OUR SAY: Parents, it's time to stop smacking children
THE debate about physical discipline has raged for years and shows no sign of abating.
A Perth mum who faced court and was fined $750 for smacking her daughter with a wooden spoon has brought the issue back into the headlines.
For generations a smack has been deemed acceptable.
Even the use of a belt wouldn't have raised many eyebrows not too long ago.
Many people believe that with a bit more physical discipline, it would be easier to keep children today in line.
But it's hard to overlook the many studies that have shown smacking, hitting and other forms of causing pain can lead to aggression, anti-social behaviour and mental health problems.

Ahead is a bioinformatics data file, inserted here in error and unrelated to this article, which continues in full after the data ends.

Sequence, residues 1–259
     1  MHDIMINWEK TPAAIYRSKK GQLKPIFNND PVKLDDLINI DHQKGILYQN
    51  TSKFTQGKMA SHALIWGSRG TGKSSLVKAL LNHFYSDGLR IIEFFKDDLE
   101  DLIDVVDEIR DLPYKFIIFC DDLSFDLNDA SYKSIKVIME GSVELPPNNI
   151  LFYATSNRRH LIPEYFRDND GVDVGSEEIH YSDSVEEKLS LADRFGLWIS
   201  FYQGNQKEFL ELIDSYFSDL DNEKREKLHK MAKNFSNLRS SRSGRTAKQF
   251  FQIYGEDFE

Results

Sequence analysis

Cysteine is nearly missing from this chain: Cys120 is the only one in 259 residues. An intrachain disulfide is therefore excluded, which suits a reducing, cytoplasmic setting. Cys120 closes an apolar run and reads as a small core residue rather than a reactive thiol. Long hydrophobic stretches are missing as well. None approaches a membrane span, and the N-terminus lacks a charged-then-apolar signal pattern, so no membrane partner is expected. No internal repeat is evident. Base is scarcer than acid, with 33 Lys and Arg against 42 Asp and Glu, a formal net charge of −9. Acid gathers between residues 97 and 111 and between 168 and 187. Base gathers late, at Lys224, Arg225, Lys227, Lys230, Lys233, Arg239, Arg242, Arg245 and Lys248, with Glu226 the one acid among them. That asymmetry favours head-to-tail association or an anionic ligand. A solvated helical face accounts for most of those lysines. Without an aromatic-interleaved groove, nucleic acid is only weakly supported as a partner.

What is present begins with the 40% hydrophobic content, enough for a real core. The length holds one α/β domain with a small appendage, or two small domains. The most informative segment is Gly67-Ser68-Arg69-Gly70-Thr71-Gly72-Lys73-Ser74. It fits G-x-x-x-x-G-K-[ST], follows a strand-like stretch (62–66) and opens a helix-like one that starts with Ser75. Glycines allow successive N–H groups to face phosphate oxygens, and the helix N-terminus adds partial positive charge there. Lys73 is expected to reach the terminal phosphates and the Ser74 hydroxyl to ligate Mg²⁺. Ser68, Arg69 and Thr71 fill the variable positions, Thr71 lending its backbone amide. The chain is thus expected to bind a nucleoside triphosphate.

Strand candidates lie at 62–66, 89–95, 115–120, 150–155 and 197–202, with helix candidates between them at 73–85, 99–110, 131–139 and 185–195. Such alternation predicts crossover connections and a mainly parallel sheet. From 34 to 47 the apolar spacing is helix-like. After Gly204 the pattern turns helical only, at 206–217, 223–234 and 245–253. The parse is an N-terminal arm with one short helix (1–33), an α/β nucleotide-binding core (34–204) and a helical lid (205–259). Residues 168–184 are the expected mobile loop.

Many experts argue that smacking is not an effective technique when it comes to disciplining children.
Once I would have argued, like many others, that I got the odd smack growing up and it didn't do me any harm.
But I think as more information becomes available that shows the damage it can do, we need to move away from physical punishment.
It's illegal to use a wooden spoon to punish a murderer, so why is it okay to discipline our children with violence?
The need to resort to violence comes out of frustration or, in many cases, not knowing what action to take next.
It's time we turned to other forms of discipline, one that respects a child's right to live without physical punishment.